Synthesis Philosophica 21 (2):395-403 (2006)

Abstract
In contrast to the Christian concept of justice as moral virtue, defined by St. Thomas Aquinas as “an attitude with the power of which one is fortified and acknowledges the rights of others of one’s own accord”, Nietzsche identifies the origin of justice in equalisation or an agreement between forces of approximately equal powers, as well as in the compulsion of the less powerful to agree. In support of this standpoint, founded on the claim that life itself is essentially appropriation, i.e. that the will to power is the will of life itself, Nietzsche made use of Thucydides’s imagery of the Athenians and Melians. The author, however, concludes that what Nietzsche does is not only think about power, but that he also seeks a novel understanding of justice, which he strives to expound from the totality of his thought
Keywords No keywords specified (fix it)
Categories (categorize this paper)
Options
Edit this record
Mark as duplicate
Export citation
Find it on Scholar
Request removal from index
Revision history

Download options

PhilArchive copy


Upload a copy of this paper     Check publisher's policy     Papers currently archived: 57,199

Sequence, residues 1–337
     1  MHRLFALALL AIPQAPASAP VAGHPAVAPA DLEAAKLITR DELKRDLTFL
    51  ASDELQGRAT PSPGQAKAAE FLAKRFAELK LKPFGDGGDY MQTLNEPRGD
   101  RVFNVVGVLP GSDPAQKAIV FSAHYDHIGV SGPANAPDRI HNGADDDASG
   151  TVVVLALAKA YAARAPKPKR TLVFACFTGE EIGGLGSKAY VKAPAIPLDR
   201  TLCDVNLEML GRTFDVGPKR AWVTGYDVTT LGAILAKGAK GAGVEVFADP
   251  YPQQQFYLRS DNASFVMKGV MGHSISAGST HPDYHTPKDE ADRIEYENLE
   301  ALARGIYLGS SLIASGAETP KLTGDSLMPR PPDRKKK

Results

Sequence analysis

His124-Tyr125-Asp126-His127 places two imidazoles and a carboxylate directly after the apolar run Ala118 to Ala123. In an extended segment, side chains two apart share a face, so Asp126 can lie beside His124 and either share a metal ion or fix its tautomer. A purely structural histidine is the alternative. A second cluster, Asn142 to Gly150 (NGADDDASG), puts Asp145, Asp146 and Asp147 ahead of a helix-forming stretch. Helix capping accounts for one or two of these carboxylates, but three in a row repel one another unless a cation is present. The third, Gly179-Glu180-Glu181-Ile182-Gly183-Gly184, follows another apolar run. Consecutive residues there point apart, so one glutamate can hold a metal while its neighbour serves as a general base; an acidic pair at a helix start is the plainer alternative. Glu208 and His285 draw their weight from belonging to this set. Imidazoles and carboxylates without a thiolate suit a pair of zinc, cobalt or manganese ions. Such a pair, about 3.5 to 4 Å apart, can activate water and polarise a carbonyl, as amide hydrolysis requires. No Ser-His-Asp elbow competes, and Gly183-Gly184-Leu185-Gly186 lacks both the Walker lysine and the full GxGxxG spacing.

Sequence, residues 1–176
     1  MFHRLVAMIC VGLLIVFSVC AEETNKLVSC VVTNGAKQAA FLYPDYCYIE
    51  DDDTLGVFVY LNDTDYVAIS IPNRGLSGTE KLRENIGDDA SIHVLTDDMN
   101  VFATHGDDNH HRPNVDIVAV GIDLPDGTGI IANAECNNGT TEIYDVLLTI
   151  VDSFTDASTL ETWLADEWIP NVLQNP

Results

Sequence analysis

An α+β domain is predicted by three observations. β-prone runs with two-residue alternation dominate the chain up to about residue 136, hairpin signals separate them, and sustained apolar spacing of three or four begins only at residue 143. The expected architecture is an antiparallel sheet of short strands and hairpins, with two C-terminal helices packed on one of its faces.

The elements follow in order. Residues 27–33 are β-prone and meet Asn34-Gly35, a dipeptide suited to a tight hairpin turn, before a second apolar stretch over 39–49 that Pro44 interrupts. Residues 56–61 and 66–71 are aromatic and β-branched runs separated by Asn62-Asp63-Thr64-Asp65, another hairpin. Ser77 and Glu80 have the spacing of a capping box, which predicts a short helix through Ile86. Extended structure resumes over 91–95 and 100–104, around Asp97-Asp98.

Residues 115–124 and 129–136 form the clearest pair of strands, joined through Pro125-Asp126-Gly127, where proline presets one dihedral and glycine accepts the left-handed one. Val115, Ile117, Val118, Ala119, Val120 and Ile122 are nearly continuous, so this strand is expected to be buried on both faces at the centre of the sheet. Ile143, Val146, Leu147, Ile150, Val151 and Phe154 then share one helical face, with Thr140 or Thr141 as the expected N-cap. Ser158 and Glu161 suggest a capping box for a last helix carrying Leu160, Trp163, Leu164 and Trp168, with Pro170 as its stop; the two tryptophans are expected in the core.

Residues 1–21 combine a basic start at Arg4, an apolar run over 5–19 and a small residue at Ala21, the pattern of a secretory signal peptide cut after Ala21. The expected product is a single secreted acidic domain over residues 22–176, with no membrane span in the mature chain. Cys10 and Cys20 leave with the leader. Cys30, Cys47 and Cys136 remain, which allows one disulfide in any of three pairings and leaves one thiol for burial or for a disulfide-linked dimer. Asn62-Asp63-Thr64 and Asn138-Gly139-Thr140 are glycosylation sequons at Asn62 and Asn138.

External links

Setup an account with your affiliations in order to access resources via your University's proxy server
Configure custom proxy (use this if your affiliation does not provide a proxy)
Through your library

References found in this work BETA

No references found.

Add more references

Citations of this work BETA

No citations found.

Add more citations

Similar books and articles

Nietzsche, Justice and the Critique of Liberal Democracy.D. Dombowsky - 1997 - Eidos: The Canadian Graduate Journal of Philosophy 14 (2).
Nietzsche's Critique of Democracy (1870–1886).H. W. Siemens - 2009 - Journal of Nietzsche Studies 38 (1):20-37.
The Deliberative Democrat's Idea of Justice.J. S. Dryzek - 2013 - European Journal of Political Theory 12 (4):329-346.
Tocqueville and the Problem of Democracy.Marvin Zetterbaum - 1967 - Stanford, Calif., Stanford University Press.
Politics and the Art of Suffering in Hölderlin and Nietzsche.Loralea Michaelis - 2001 - Philosophy and Social Criticism 27 (5):89-115.
Nietzsche Contra Democracy.Fredrick Appel - 1999 - Cornell University Press.
Philosophical Essays.Teodros Kiros - 2011 - Red Sea Press.

Analytics

Added to PP index
2013-10-31

Total views
49 ( #204,599 of 2,411,842 )

Recent downloads (6 months)
8 ( #86,170 of 2,411,842 )

How can I increase my downloads?

Downloads

My notes